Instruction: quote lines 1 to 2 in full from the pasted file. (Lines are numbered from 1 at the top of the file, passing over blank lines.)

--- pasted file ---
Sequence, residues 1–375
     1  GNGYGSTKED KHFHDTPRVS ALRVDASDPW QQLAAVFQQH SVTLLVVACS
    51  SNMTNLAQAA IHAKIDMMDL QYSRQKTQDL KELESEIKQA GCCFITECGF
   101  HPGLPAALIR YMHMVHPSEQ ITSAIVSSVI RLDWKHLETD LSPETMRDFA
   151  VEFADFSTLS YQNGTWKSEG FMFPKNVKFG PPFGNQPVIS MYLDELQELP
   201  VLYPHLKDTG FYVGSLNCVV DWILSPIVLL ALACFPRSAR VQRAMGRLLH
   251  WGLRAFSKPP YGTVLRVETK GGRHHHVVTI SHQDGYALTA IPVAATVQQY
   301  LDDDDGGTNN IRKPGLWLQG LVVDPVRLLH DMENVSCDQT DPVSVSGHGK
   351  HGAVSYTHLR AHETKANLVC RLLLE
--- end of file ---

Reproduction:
Sequence, residues 1–375
     1  GNGYGSTKED KHFHDTPRVS ALRVDASDPW QQLAAVFQQH SVTLLVVACS